Guilherme Rosa’s Recollection: I first met Jim Crow in 1997, when I came to UW-Madison as a visiting Ph.D. student. A big group of us were dining together, and I was surprised when Jim Crow sat beside me. He started talking to me, and as soon as he learned I was from Brazil (I think he quickly recognized my accent), he told me he had a close friend from Brazil, with whom he had lost contact. He was referring to Dr. Warwick E. Kerr, a former professor at the University of Sao Paulo, Brazil, who had worked with Jim Crow many years earlier, and later went to the University of Chicago. One of Jim’s comments about Dr. Kerr was that sadly, although he was a top-notch geneticist of international caliber, he ended up being best known by the accidental release of African bees on the American continent. As a beekeeper myself during my high school and college years in Brazil, I knew that story quite well, so Jim Crow and I had material for some interesting conversation during that dinner.

Professor Crow’s generosity with his time was an important element of his teaching and working relationships. A dedicated advisor and mentor, he was genuinely concerned about his students and collaborators alike. Colleague and former student Dr. Temin said, “When you were with him, he made you feel like you were the most important person at that moment” (Sakai, 2012).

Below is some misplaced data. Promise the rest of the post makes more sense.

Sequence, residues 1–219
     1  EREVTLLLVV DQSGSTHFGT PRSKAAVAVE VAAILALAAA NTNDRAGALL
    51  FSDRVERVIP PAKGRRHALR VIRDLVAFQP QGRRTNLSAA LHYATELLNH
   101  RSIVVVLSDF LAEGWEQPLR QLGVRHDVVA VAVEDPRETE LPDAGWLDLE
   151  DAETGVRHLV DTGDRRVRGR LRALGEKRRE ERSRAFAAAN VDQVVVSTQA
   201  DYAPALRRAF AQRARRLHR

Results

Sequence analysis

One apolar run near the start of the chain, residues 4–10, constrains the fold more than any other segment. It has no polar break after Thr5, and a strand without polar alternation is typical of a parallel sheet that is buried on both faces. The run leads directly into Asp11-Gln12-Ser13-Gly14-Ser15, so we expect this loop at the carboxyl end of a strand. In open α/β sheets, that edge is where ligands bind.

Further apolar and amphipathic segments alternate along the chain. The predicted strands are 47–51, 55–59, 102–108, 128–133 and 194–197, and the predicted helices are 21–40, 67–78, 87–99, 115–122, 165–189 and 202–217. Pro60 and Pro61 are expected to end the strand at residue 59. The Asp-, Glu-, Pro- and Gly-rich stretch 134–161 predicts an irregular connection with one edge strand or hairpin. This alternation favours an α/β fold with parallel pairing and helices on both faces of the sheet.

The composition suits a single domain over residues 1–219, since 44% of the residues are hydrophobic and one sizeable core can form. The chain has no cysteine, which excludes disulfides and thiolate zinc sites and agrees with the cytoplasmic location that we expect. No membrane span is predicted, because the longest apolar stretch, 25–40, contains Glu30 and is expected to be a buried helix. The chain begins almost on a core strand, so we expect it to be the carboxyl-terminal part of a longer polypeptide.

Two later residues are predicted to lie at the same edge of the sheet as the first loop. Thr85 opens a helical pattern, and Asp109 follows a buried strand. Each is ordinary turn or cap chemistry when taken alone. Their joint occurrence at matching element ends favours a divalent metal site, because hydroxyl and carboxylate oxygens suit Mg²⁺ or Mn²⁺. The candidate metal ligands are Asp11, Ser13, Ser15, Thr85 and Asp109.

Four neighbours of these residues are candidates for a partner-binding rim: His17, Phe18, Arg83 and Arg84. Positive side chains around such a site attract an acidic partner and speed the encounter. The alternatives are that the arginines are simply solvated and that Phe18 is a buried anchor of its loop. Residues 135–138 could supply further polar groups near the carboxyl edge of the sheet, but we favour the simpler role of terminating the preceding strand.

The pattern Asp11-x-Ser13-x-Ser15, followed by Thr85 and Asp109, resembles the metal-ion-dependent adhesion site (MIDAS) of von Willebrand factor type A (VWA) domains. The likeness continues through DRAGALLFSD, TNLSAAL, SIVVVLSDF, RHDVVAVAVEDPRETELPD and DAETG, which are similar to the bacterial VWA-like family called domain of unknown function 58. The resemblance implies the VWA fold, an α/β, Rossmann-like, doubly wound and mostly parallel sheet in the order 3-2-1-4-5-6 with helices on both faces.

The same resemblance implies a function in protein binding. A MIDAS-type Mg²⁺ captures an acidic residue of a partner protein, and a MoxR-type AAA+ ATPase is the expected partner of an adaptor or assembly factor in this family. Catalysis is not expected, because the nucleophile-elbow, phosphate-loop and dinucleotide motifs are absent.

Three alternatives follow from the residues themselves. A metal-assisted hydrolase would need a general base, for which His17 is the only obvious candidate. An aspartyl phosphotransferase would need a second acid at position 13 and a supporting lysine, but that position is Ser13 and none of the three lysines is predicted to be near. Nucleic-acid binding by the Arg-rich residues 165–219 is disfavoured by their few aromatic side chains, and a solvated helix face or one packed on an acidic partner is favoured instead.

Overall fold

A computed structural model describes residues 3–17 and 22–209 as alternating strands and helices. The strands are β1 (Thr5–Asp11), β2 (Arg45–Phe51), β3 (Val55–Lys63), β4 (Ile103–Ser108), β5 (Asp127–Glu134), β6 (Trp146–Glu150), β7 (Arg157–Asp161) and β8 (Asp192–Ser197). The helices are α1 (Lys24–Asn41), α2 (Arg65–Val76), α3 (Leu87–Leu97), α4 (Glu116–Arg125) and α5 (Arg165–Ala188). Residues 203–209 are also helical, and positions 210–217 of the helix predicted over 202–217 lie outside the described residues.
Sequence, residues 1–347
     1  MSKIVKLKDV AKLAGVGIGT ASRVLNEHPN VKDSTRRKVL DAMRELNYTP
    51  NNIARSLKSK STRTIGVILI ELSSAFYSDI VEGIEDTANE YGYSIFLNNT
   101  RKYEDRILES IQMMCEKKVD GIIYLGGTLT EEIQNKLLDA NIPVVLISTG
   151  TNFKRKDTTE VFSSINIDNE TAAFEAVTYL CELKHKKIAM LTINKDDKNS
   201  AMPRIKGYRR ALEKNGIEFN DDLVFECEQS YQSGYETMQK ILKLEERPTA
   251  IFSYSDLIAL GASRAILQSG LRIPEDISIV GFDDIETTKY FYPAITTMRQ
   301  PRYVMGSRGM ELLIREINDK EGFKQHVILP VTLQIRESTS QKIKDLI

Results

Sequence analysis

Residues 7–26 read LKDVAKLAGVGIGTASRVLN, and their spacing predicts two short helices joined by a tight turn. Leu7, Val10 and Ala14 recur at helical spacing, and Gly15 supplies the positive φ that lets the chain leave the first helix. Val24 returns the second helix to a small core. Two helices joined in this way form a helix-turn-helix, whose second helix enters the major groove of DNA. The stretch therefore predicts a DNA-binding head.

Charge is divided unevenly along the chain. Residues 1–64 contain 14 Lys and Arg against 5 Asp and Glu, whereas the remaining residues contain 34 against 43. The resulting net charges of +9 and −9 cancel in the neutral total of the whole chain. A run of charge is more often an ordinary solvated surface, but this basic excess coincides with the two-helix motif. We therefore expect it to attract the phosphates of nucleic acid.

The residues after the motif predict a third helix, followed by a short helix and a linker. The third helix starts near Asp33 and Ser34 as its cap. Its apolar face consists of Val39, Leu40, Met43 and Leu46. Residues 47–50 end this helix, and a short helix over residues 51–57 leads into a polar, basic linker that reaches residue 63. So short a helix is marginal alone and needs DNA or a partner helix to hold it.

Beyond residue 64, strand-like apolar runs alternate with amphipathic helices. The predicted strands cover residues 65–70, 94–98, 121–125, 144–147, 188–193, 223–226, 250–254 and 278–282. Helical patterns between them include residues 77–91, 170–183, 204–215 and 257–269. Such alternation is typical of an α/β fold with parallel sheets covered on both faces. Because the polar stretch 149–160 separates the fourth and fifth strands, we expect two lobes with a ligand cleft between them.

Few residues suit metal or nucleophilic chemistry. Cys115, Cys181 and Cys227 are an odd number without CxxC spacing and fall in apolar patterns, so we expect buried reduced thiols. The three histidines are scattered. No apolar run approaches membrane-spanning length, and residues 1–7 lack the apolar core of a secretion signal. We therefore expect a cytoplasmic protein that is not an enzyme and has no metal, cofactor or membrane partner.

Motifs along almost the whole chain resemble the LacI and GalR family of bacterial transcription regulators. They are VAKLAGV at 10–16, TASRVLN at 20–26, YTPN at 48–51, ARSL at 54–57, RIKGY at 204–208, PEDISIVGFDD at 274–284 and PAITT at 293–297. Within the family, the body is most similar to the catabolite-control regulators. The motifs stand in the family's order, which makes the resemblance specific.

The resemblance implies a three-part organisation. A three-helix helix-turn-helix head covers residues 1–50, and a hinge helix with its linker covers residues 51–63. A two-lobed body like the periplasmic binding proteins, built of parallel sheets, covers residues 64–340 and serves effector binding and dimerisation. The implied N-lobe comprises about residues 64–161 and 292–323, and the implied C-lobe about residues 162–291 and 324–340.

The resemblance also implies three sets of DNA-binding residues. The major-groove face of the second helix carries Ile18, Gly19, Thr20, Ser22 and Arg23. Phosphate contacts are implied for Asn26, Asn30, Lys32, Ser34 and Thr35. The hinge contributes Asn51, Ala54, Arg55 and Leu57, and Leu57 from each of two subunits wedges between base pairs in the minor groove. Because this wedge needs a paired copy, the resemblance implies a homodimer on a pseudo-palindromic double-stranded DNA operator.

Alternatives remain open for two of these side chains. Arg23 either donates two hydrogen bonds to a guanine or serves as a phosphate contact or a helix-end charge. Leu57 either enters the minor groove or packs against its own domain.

Daniel Hartl, Higgins Professor of Biology at Harvard University, studied under Professor Crow. In 2000, he interviewed Professor Crow for a project called “Conversations in Genetics: An Oral History of Our Intellectual Heritage in Genetics,” produced by Esposito (2000) and published on DVD by the Genetics Society of America. Dr. Hartl asked Professor Crow what he thought his legacy would be. Not surprisingly, Professor Crow’s thoughts went to his students and colleagues: “If I have a legacy,” he mused, “part of it is the collaborative work that I’ve done with other people.” Then he continued: “But I want to say that part of my legacy is students. I’ve had an unusually good group of graduate students and postdocs, many of which have gone on to make names for themselves in genetics, and I like to think of that as my real legacy.”